Along with environmental issues such as available forage and weather, the population of a colony affects the amount of excess food that a hive makes in one year.

Everything else being equal, the hive with more workers has a been chance of producing more honey. Yet, Honey production is not a year-round event in most regions. 

How many months of the year your beehives are productive depends on where you live. In most areas, bee colonies are busiest from May to August. Southern regions have a longer harvest season that those who live in the north.

However, colony population is a major determining factor in production.  Starting out as a small colony with 10,000 – 15,000 bees in late Winter.  Bee populations swell to over 50,000 by mid Spring as the bees go into full scale brood rearing.

It is the combined efforts of all these individuals that sustain the colony and allow it to prepare for the cold months to come.

Set of tall beehives before the honey harvest in a field image.

How Much Honey a Bee Colony Makes

A typical hive in the US produces between 60# – 100# of excess crop per year.  This amount is widely variable though and can be as little as 10# or as great as over 200#.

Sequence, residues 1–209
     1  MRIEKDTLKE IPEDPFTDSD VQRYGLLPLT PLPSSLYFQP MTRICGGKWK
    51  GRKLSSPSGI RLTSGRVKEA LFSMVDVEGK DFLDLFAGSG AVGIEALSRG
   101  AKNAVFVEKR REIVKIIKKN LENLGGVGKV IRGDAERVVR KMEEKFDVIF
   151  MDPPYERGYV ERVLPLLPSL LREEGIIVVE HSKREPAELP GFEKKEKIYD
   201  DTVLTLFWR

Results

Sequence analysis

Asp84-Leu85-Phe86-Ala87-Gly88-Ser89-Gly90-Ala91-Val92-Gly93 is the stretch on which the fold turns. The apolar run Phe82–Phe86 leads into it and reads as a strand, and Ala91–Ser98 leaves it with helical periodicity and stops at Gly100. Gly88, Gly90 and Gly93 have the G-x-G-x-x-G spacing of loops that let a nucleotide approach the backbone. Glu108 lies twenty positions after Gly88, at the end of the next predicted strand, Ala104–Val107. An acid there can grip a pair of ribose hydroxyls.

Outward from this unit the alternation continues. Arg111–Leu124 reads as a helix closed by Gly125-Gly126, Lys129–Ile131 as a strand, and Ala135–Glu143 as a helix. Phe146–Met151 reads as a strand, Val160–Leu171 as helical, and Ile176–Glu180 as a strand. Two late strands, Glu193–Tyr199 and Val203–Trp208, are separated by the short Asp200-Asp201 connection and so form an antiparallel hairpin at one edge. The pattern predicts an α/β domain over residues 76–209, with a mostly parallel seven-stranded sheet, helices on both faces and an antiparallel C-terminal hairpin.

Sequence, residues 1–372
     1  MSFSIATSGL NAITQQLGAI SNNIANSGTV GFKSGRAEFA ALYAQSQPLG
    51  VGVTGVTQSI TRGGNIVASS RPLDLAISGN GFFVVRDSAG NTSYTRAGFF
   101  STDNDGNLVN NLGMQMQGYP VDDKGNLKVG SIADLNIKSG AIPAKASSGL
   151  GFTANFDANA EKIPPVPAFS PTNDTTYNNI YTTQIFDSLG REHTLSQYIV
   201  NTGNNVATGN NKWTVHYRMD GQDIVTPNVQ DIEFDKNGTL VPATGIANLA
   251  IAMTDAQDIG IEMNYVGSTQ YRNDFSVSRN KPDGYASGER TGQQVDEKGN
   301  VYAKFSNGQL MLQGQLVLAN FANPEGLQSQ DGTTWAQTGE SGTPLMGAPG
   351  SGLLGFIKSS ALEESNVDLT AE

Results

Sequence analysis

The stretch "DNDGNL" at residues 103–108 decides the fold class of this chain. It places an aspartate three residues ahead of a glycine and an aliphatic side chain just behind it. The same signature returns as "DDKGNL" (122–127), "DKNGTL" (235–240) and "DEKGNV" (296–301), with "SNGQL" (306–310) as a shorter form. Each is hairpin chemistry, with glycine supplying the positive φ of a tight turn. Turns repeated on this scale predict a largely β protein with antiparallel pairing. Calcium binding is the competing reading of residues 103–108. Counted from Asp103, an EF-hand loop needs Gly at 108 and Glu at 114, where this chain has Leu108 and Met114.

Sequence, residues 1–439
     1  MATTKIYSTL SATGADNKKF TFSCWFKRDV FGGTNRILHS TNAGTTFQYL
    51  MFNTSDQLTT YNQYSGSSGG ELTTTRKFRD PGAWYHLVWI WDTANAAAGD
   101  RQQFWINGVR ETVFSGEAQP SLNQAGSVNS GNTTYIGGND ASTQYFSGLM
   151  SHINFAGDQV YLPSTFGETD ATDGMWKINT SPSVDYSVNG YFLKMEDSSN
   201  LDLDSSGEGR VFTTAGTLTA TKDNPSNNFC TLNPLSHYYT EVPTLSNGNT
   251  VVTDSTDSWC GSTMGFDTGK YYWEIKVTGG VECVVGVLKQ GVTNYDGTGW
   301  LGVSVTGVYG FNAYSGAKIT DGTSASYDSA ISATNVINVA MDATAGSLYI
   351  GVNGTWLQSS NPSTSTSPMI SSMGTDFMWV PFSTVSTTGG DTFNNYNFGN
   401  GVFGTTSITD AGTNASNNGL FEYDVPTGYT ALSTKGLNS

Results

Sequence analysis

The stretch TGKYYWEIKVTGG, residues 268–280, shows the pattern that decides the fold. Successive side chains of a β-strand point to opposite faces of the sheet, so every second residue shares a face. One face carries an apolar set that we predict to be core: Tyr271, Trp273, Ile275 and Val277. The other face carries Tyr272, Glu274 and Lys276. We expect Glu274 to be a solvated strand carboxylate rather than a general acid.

Bee health, colony population, amount of forage plants in your region and weather conditions all contribute to the seasonal totals.

With over 200,000 thousand beekeepers in the US, many of them hope to produce a harvest.  The goal is to have healthy colonies that produce enough food for themselves and some extra to share.

As you can see by these numbers, determining how much honey a single bee makes is at best an educated guess that takes the laws of averages into account.  The single bee does not complete the process alone, she hands the nectar load off to house bee.

However, this type of job sharing and specialization is what makes the bee colony one of the most unique and interesting social organisms in the natural world.  Thousands of bees work together to store food and sustain the life of the colony.